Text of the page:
A balance of doing and recharging will help you manage your personal energy. Using the example from The Draugiem Group, in those 52-minute bursts, you must achieve what is called ‘deep’ work. You need to set the goals in those times and do it. The energy boosts will come in the downtime. Start by creating a plan for these over the next month, focusing on what needs to be achieved without being too specific about daily goals. Once those goals are clear, protect them as you would your birthday celebrations!

There are also some simple energy hacks that you can use to give you a boost. Some of these will depend on where you gather your energy:

Music – it can stimulate, be it the latest tunes, sounds of nature, classical or memory joggers. When you feel ‘pumped’ your energy increases along with your motivation. Music can also have a calming and restorative effect too.

Sleep or nap  – 7-9 hours each night remains the goal, but this can be 'topped up' with a power nap during the day. Some people drink coffee and then nap so that the caffeine kicks in when they wake. Obviously, this is not advisable constantly throughout the day as caffeine can affect your sleep at night.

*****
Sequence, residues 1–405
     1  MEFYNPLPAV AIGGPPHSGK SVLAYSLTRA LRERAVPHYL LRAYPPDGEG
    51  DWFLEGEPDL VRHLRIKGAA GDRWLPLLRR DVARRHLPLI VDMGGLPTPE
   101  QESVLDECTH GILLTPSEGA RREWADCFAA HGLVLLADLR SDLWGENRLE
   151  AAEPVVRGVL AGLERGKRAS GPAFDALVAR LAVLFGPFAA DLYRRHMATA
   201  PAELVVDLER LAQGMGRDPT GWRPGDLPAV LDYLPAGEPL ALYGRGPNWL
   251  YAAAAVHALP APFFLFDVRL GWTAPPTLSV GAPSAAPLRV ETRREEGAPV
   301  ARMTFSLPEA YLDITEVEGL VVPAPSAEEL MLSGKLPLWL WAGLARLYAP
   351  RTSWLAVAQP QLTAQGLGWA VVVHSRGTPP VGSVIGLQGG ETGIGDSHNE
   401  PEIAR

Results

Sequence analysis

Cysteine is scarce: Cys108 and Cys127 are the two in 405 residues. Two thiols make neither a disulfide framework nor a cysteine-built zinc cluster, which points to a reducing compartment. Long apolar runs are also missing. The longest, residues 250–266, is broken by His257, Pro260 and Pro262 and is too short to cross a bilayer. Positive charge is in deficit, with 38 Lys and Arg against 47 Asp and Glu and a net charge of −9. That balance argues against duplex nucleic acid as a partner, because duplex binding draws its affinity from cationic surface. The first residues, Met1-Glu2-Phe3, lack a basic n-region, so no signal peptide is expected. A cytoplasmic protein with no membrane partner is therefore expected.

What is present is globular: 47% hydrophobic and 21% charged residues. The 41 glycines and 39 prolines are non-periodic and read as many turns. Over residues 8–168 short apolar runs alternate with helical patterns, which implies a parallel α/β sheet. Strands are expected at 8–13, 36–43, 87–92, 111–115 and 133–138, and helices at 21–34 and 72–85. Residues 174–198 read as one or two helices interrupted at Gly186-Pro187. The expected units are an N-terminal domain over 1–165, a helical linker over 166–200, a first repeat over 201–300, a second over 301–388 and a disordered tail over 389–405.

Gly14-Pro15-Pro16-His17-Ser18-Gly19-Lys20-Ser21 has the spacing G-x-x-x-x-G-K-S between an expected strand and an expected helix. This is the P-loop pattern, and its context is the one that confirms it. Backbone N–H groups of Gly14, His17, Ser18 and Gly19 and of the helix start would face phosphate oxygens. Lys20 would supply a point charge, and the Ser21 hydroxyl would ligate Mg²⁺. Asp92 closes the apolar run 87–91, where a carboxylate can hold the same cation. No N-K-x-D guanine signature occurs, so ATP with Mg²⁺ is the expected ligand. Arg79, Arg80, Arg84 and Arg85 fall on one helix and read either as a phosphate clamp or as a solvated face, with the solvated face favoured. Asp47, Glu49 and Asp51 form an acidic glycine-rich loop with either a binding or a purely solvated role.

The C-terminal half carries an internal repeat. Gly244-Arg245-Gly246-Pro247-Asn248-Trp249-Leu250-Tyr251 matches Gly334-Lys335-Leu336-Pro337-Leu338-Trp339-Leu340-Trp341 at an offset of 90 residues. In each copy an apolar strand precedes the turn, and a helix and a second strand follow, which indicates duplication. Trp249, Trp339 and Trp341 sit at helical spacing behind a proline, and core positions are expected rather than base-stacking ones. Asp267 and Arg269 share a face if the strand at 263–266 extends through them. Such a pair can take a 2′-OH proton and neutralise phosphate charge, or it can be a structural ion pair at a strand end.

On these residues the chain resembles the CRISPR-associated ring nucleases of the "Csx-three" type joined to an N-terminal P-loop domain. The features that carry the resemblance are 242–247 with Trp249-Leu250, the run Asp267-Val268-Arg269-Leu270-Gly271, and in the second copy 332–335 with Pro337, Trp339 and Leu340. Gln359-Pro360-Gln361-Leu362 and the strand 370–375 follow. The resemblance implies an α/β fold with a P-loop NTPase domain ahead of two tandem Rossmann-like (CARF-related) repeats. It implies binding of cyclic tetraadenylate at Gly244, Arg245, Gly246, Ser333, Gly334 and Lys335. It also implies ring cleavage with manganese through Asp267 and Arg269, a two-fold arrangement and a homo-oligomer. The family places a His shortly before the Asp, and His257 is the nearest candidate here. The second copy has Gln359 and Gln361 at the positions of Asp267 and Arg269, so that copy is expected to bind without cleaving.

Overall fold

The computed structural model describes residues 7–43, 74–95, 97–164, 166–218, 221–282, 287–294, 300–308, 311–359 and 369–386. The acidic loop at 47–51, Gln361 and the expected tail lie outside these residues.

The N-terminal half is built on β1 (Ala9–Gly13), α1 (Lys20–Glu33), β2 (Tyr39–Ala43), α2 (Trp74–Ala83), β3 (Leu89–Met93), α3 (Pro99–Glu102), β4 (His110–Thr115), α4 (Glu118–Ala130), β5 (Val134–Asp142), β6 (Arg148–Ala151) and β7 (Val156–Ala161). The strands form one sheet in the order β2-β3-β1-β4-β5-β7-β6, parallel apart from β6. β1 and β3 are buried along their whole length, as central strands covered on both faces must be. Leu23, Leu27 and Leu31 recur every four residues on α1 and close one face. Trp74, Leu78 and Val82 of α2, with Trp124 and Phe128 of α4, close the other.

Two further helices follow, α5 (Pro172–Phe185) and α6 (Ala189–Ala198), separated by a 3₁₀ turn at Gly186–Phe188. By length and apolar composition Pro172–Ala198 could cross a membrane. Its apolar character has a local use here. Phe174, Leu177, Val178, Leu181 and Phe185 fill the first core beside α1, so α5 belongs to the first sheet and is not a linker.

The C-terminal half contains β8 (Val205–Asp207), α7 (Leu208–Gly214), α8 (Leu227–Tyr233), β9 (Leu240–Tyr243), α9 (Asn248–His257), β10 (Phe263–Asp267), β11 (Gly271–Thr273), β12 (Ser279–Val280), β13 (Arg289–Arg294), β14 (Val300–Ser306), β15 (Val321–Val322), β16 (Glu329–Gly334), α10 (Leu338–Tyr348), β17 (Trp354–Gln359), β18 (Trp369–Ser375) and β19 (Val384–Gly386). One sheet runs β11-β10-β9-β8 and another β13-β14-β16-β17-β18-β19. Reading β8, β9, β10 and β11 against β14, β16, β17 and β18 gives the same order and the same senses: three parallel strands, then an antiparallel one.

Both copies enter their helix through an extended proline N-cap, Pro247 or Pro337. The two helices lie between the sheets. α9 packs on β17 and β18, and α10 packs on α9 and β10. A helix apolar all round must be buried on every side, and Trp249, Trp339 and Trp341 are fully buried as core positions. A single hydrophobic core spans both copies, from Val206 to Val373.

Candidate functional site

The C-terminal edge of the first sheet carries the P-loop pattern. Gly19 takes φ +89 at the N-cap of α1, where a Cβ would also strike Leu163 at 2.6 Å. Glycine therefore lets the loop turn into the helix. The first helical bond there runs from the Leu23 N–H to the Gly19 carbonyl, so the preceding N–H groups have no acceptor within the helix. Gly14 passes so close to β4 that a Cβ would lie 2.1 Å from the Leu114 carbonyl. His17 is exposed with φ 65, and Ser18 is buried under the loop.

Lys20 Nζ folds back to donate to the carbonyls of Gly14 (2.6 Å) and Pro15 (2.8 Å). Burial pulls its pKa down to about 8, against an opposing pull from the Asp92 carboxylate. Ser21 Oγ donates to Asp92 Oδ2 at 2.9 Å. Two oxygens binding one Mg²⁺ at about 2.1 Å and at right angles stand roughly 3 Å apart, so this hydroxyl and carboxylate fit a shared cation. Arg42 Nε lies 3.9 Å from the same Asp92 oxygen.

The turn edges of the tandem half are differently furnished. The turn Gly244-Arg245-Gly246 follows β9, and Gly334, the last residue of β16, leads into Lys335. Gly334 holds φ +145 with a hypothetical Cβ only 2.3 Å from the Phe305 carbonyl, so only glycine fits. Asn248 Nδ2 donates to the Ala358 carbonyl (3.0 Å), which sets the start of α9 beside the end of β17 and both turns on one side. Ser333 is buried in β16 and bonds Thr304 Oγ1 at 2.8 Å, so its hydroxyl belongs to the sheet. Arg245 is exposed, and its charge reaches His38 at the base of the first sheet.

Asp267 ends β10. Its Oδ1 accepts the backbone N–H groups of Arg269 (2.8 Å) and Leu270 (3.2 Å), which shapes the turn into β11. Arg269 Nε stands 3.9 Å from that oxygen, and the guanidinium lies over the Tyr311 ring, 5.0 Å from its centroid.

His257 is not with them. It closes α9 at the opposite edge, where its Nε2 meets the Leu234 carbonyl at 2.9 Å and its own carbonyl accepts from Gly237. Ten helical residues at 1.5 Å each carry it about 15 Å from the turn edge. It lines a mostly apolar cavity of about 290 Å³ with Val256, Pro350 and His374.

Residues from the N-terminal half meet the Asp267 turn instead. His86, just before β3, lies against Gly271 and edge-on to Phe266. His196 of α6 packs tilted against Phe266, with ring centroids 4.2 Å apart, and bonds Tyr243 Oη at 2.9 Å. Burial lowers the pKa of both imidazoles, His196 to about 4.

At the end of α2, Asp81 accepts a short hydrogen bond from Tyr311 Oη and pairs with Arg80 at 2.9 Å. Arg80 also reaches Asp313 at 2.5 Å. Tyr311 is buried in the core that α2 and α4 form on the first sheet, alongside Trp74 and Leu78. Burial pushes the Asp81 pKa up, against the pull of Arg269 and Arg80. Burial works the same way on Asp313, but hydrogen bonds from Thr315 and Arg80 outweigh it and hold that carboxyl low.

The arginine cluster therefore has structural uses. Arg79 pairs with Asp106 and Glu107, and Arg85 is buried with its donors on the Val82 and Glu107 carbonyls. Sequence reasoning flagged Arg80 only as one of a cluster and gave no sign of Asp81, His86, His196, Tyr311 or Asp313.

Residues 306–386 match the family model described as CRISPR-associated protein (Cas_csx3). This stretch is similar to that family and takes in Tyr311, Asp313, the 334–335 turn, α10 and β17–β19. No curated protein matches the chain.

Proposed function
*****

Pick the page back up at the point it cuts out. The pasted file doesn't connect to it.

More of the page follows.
Breathing and meditation – perfect to help us regain focus, there are apps available such as Headspace or Calm which can help. If meditation doesn’t work for you that’s ok, park it and move on.

Walk – or just move, do something you enjoy physically. If you have a busy schedule just try to alternate standing and sitting whilst working.

Eat and drink well – drink water throughout the day, not a prescribed amount. Avoid the carbs that cause your energy to crash, although a small piece of dark chocolate to boost your energy can be a treat!

Gratitude and kindness – in 2021 we have perfect opportunities to do these things. Be grateful for what you have and not what you miss. Leave a good review, pass on thanks to a colleague or help a neighbour - these will all give you the boost you need and recharge your soul.

Do something different – anything! Ask yourself, "When was the last time I did something for the first time?" Even if you do something routine, look for something you have never noticed before.

Connect with friends and nature – perhaps obvious and easy, but the boost from sunlight and a smile from a friend can help us stay in a good mood.

Play – do something for fun and remember the joy of being a child.

Read – to learn or for pleasure. A friend of mine used to have two books on the go, one fiction and one non-fiction, to stimulate all parts of the brain.

Declutter – personally or professionally. The joy of an empty desktop, neatly filed paperwork or a clear inbox will do you wonders.

Trying some of these things will help you step back, recharge and be ready for the next challenge. That way you can once again enjoy your life and your job!